Name: Lebo Maroo
Job: Deputy CEO of LoveLife
Dr Maroo is a member of the Health Professions Council of South Africa (HPCSA), SAMA and the Medical Advisors Group, a subsidiary to SAMA. She was also twice nominated for the 300 Top Women in Business and Government Awards.
Based in Centurion, Pretoria, her family is very important to her. She is blessed with three children, all girls; they are her pride, joy and everything she could have asked for.
The theme for Women’s Month this year is: Pledge for parity. What does this theme mean for you personally? How do you respond to this theme?
The Pledge for Parity theme means a few things to me:
- It is a recognition of the slow pace in which policies are implemented.
- It gives me hope that the world is talking about gender inequality and looking for solutions to speedup progress.
- That we are still far from achieving gender parity in the workplace, within our communities, churches and even in our homes so we need to accelerate educational and communication tools at platforms where we engage various stakeholders.
- It’s about time that we all (both women and men) work together to accelerate the move towards gender equality.
- Ending violence against women and girls
One can either choose to support the theme and focus on working even harder in contributing towards achieving gender equality, or spend time analysing whether the theme makes sense or not. Personally, I choose to work with it, I take it as an opportunity to reassess my personal contribution to society for the next 12 months.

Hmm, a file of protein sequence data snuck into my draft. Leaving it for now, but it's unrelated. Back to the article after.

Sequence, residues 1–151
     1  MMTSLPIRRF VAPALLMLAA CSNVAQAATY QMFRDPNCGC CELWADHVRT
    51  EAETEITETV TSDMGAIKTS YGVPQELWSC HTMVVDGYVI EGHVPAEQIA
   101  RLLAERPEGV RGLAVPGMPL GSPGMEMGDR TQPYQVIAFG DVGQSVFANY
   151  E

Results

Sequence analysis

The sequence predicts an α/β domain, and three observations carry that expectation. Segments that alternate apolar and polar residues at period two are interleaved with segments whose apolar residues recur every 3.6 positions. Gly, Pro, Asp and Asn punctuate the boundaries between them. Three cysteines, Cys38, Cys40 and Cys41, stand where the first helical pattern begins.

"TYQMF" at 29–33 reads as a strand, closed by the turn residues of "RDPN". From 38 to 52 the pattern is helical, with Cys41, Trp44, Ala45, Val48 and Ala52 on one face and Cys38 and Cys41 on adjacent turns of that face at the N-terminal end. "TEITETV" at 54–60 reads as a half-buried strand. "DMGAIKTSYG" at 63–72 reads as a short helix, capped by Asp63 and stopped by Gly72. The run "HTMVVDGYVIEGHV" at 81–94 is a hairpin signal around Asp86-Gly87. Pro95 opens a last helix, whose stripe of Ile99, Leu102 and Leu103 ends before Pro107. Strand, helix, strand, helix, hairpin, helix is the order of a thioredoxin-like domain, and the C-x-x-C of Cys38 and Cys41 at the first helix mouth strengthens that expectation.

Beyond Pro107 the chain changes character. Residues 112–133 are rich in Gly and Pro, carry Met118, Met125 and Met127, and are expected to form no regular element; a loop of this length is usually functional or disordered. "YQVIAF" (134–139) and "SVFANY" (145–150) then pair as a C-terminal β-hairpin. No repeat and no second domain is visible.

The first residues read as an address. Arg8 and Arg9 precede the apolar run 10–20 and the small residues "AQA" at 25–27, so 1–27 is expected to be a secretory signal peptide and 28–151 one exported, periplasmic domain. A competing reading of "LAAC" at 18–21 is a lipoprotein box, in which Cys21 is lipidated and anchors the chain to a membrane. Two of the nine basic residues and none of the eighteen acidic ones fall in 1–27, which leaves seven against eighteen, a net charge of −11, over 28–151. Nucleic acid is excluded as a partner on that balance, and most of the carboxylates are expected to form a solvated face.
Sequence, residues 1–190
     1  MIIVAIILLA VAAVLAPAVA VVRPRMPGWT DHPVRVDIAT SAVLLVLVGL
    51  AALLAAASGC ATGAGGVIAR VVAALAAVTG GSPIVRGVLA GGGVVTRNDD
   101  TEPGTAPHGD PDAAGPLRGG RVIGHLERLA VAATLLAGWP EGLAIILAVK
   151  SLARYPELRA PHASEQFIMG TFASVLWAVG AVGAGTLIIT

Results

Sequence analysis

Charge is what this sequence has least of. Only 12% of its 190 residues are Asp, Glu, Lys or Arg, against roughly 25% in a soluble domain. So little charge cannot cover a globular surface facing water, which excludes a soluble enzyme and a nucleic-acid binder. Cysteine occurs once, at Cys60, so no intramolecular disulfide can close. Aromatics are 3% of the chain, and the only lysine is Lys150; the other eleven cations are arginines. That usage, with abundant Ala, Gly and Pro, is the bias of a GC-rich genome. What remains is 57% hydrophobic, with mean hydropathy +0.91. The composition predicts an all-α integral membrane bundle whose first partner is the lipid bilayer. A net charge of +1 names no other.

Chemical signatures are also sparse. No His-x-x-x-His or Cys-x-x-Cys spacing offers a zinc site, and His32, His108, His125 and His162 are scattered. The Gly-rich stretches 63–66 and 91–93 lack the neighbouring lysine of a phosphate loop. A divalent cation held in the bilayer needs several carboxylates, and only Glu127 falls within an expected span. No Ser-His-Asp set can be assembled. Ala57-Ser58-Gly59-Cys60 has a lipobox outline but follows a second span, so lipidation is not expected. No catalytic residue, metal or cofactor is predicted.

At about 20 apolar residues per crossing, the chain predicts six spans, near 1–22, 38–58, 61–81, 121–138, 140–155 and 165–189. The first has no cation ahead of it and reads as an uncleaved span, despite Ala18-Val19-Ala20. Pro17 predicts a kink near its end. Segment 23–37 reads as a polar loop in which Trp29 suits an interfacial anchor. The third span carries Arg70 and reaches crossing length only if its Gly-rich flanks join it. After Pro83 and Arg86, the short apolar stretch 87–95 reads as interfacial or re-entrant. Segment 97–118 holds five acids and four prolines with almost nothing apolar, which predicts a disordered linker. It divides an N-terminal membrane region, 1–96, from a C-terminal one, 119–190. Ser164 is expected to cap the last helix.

I try to do my bit, I always feel somewhat dissatisfied though, with a desire to do more. I have a few projects of my own that I am involved in. I am currently working with a young man whom I have just taken under my wing as his mentor as I believe that men are an integral part of the solutions towards equality. This is new for me as I have never really mentored a male before.
Furthermore, I am also currently assisting a friend of mine from Botswana to put together a campaign for free sanitary pads in an effort to keep young girls in school. This is very exciting to me as the project owner is actually a man, a father, a brother; who sees a need to contribute towards empowering a girl child with education.
I used to go to my daughter’s schools to give talks to young girls, I would really love to continue doing that, any opportunity to influence a young girl’s life positively; is a right move towards achieving parity.
According to the World Economic Forum, equity will only be achieved by 2133, how do you contribute to the struggle for gender equality?
That statement sound so unrealistic, 117 years is a very long time; especially because these discussions are not new. However, at the pace in which transformation is happening this a more likely reality unless concrete action is taken to fast track gender equity. We need to foster short term goals and achievements that will mark a journey of a thousand miles but must begin with a single step.
I am lucky to be in a position where my work revolves around young people. We engage with young people daily through the different programmes that loveLife implements in schools, clinics and in the communities; through sports, dialogues, multimedia campaigns and so forth.